That points to the dominance of the financial sector in determining the dollar’s value relative to the value of trading-partner currencies. International trade and global and local economic activity function only if the financial sector agrees to support it. The financial sector determines the cost of undertaking that activity.
U.S. current account balance and the dollar index
Financial transactions and the demand for dollars
Banking transactions since 1973 have been executed through SWIFT—the Society for Worldwide Interbank Financial Telecommunications system based in Belgium with data centers in the United States, the Netherlands, and Switzerland, and a command center in Hong Kong.
Recently, nearly 80% of the transactions were dollar- or euro-based, which might help explain the narrow range of trading between the dollar and the euro. The British pound was used in 8% of SWIFT transactions in 2011, with the recent drop to 6% perhaps an unintended consequence of Britain closing itself off from Europe.
Share of SWIFT financial transactions by currency*
Oil transactions and the demand for dollars
Last year, we estimate, roughly $6.5 billion changed hands each day in the buying and selling of crude oil. In the first half of this year, that jumped to approximately $10 billion as the price of oil topped $100 per barrel.
Regardless of the price, there will be a consistent global demand for oil in the coming years, with China the largest importer. That implies a consistent selling of renminbi to buy dollar-denominated barrels of oil, with implied support for the dollar’s value whether or not the plan to cap the price of Russian supplies is successful.
Oil demand forecasts
Interest rate differentials
Interest rates in each country are determined by monetary-policy settings for short-term securities, with longer-term bond yields including the risk of holding those securities over the course of years. Implicit in those settings is the ability of each economy to support growth and the return on investment.
Because of the depth of the bond markets, you would expect an efficient setting of interest rates. As such, 10-year interest rates in the developed economies declined until 2012 in response to the universal elimination of the risk of inflation and the concurrent moderation of growth.
As the recovery from the global financial crisis took hold, 10-year interest rates remained higher in the United States than in Europe and Japan, which corresponded with the increase in net portfolio investment by foreigners in U.S. long-term securities. Those portfolio flows implied confidence in U.S. institutions and the nation’s economy, with higher nominal and real (inflation-adjusted) returns on U.S. investment resulting on balance in a stronger dollar.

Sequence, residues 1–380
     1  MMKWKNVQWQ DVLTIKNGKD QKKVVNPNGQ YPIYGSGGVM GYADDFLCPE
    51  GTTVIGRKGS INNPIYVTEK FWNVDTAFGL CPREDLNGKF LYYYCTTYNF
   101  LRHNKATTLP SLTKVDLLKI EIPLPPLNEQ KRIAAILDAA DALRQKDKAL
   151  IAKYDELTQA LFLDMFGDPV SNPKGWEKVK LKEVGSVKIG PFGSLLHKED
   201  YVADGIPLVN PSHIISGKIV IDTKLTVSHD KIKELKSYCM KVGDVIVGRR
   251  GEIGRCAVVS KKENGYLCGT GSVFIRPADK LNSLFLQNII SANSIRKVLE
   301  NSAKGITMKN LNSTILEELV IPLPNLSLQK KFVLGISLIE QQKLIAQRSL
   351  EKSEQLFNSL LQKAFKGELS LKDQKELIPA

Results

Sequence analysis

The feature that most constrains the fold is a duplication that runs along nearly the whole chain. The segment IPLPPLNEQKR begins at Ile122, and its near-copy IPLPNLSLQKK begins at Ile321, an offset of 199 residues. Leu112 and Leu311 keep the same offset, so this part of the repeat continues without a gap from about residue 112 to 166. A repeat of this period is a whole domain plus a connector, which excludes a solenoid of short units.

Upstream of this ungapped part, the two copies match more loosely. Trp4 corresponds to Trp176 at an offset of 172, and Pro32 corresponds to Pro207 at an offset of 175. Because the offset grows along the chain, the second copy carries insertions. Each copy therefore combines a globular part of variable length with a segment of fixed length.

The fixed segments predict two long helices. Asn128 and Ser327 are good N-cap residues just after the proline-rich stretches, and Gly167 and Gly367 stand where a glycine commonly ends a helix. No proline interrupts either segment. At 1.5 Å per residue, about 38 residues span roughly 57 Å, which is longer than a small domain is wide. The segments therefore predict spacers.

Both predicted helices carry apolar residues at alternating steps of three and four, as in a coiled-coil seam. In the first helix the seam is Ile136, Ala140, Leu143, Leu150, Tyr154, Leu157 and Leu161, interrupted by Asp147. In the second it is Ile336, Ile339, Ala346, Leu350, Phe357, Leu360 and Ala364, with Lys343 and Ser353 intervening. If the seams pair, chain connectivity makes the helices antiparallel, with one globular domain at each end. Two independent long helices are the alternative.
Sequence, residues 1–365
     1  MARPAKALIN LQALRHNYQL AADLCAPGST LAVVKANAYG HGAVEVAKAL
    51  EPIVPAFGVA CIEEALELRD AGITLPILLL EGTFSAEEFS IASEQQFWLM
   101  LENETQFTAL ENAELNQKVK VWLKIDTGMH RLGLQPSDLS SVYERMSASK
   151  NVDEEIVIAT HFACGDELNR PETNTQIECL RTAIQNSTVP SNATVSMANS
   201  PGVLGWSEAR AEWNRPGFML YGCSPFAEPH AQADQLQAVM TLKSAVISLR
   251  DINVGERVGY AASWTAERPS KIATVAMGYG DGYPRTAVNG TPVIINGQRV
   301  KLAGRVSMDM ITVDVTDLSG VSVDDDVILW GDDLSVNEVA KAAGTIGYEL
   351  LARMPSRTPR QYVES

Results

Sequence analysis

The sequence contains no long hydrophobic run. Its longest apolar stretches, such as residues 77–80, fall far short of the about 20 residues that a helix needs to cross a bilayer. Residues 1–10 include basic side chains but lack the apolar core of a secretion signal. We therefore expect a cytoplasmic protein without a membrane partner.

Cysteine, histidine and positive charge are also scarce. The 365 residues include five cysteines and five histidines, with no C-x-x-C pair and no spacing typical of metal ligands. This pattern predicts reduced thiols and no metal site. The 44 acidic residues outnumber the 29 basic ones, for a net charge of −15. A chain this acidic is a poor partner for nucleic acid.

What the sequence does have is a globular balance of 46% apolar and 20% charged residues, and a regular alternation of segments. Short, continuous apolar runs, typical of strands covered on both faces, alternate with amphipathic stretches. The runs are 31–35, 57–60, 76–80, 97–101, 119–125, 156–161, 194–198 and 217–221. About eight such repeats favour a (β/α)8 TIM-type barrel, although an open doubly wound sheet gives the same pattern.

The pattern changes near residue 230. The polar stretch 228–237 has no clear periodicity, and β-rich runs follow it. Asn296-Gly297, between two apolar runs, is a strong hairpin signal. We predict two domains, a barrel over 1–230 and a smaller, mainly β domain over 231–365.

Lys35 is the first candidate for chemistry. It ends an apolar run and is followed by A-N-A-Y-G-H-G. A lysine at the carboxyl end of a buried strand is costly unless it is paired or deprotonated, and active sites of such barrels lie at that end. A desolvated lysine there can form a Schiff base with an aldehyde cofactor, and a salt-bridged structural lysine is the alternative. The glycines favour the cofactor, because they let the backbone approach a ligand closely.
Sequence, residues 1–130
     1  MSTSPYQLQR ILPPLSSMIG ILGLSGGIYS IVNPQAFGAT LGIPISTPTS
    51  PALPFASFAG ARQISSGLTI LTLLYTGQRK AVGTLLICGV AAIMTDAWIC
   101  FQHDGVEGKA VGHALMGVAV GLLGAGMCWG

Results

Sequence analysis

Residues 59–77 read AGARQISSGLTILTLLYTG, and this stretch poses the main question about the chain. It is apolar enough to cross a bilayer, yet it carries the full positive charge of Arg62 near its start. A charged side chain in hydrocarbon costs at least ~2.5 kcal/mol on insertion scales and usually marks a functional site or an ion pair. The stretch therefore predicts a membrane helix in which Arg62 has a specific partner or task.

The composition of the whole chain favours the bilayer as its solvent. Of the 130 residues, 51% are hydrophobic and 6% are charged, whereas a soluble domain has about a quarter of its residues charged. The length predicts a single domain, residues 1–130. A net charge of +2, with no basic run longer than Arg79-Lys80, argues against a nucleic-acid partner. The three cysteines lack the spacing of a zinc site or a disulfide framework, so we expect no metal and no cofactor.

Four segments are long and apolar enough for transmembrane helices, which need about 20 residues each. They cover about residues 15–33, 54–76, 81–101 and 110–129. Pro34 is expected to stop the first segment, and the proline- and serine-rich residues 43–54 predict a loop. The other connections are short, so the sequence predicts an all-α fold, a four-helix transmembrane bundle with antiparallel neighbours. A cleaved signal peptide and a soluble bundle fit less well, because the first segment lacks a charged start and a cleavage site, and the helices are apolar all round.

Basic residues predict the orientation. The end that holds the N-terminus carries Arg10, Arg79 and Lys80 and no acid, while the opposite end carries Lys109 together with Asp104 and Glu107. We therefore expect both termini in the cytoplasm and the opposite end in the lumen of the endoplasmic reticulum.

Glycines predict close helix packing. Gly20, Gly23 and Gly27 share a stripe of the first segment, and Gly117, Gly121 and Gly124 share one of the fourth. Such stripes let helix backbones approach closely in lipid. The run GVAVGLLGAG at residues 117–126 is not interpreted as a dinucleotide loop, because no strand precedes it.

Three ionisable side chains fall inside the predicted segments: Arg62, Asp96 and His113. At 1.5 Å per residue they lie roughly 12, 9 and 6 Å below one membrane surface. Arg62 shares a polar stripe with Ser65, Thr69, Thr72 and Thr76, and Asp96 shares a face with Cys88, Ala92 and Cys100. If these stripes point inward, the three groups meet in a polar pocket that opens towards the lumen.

Net foreign portfolio investment in U.S. long-term securities increased again after 2020, and the dollar responded likewise.
Net foreign portfolio investment in U.S. long-term securities
Nominal U.S. and German 10-year bond yields
The effect of a stronger dollar
In terms of inflation, a stronger dollar makes final and intermediate foreign products more affordable, which should apply downward pressure on the inflation rate.
In contrast, a weaker dollar makes foreign products less affordable and gives domestic producers the leeway to raise their prices as well, pressuring inflation higher.
A weaker dollar should help exporters retain their global market share. But that assumes that price is the only criteria for foreign consumers and producers, who might instead base their preferences on the reliability and quality of other suppliers.
There has traditionally been a time and place for a strong dollar. At the end of global economic downturns, U.S. spending has helped kick-start global recoveries, with U.S. purchases of cars and American occupancy of hotel rooms and restaurants helping spur foreign growth.
In the current recovery, taking place amid geopolitical tensions and disrupted markets, we would bet on the relative energy independence of the United States and the resilience of the U.S. economy.
As we saw during the global financial crisis, the consequences of the war and energy shortages in Europe will undoubtedly spill over into the North American financial markets and the economy. This should be a reminder for policymakers to address short-term needs within the framework of longer-term investment in that resilience.
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This article was written by Joe Brusuelas and originally appeared on 2022-08-02.